Wenker synthesis

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The Wenker synthesis is an organic reaction converting a beta amino alcohol to an aziridine with the aid of sulfuric acid.[1]

Wenker synthesis

The original Wenker synthesis of aziridine itself takes place in two steps. In the first step ethanolamine is reacted with sulfuric acid at high temperatures (250 °C) to form the sulfate mono-ester. This salt is then reacted with sodium hydroxide in the second step forming aziridine. The base abstracts an amine proton enabling it to displace the sulfate group. A modification of this reaction involving lower reaction temperatures (140–180 °C) and therefore reduced charring increases the yield of the intermediate.[2]

The Wenker synthesis protocol using trans-2-aminocyclooctanol, available from reaction of ammonia with the epoxide of cyclooctene, gives a mixture of cyclooctenimine (the Wenker aziridine product) and cyclooctanone (a competing Hofmann elimination product).[3]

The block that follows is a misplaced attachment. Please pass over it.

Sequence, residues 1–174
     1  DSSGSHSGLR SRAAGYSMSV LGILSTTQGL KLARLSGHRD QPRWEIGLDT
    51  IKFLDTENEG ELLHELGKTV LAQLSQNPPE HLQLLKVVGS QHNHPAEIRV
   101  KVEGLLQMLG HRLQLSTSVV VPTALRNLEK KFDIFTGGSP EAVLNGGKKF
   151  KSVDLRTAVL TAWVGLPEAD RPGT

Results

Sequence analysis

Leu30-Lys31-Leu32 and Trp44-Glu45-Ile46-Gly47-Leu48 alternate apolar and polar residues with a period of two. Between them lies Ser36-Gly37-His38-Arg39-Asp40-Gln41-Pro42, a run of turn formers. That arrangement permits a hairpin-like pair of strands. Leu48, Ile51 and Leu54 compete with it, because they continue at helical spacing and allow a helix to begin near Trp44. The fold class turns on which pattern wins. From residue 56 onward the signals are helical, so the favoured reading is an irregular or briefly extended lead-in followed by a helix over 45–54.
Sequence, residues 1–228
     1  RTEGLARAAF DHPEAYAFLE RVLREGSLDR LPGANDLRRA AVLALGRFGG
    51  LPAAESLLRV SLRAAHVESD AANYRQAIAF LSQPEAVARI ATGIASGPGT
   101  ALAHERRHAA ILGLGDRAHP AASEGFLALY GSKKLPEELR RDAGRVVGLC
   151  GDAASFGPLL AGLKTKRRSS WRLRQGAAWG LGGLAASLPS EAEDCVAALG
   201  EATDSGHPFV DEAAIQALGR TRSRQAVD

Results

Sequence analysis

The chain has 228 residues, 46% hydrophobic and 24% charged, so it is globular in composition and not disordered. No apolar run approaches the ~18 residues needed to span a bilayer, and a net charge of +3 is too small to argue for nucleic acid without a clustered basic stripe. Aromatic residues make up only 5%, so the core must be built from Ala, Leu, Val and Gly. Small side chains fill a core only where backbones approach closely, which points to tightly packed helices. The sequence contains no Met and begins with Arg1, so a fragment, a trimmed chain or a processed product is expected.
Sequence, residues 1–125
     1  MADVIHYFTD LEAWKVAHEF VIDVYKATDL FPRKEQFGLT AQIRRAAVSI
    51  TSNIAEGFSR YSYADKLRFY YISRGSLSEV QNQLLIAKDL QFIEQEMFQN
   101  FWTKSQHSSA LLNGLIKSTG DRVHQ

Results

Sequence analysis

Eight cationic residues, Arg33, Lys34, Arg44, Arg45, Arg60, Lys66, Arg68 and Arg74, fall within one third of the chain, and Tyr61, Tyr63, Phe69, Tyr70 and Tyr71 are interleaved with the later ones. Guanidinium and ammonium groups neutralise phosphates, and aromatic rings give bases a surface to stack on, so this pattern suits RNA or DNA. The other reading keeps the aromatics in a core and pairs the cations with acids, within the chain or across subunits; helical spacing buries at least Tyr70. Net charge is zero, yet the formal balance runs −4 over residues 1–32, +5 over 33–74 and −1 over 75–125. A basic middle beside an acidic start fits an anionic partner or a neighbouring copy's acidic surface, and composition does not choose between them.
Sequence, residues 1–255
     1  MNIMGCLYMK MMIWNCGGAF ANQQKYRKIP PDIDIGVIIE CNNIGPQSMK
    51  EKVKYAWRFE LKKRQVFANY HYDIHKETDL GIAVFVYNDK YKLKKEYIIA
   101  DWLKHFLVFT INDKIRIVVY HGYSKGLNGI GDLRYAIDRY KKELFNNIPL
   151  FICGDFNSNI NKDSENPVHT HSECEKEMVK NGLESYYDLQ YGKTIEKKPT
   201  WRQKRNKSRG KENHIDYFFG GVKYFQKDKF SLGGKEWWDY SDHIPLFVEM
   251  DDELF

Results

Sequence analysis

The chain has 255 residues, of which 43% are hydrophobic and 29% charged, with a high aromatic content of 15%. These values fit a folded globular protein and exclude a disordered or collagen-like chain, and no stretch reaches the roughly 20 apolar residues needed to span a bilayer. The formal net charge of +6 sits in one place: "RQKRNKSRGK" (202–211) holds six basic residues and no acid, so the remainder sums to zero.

9-Azabicyclo[6.1.0]nonane synthesis


  1. ^ Henry Wenker (1935). "The Preparation of Ethylene Imine from Monoethanolamine". Journal of the American Chemical Society 57 (1): 2328–28. doi:10.1021/ja01314a504. 
  2. ^ A Modification of Wenker's Method of Preparing Ethyleneimine Philip A. Leighton, William A. Perkins, and Melvin L. Renquist J. Am. Chem. Soc.; 1947; 69(6) pp 1540–40. (doi:10.1021/ja01198a512)
  3. ^ Chemistry of Ethylenimine. VII. Cycloöctenimine or 9-Azabicyclo[6.1.0]nonane D. V. Kashelikar, Paul E. Fanta J. Am. Chem. Soc.; 1960; 82(18); 4927–30. (doi:10.1021/ja01503a044)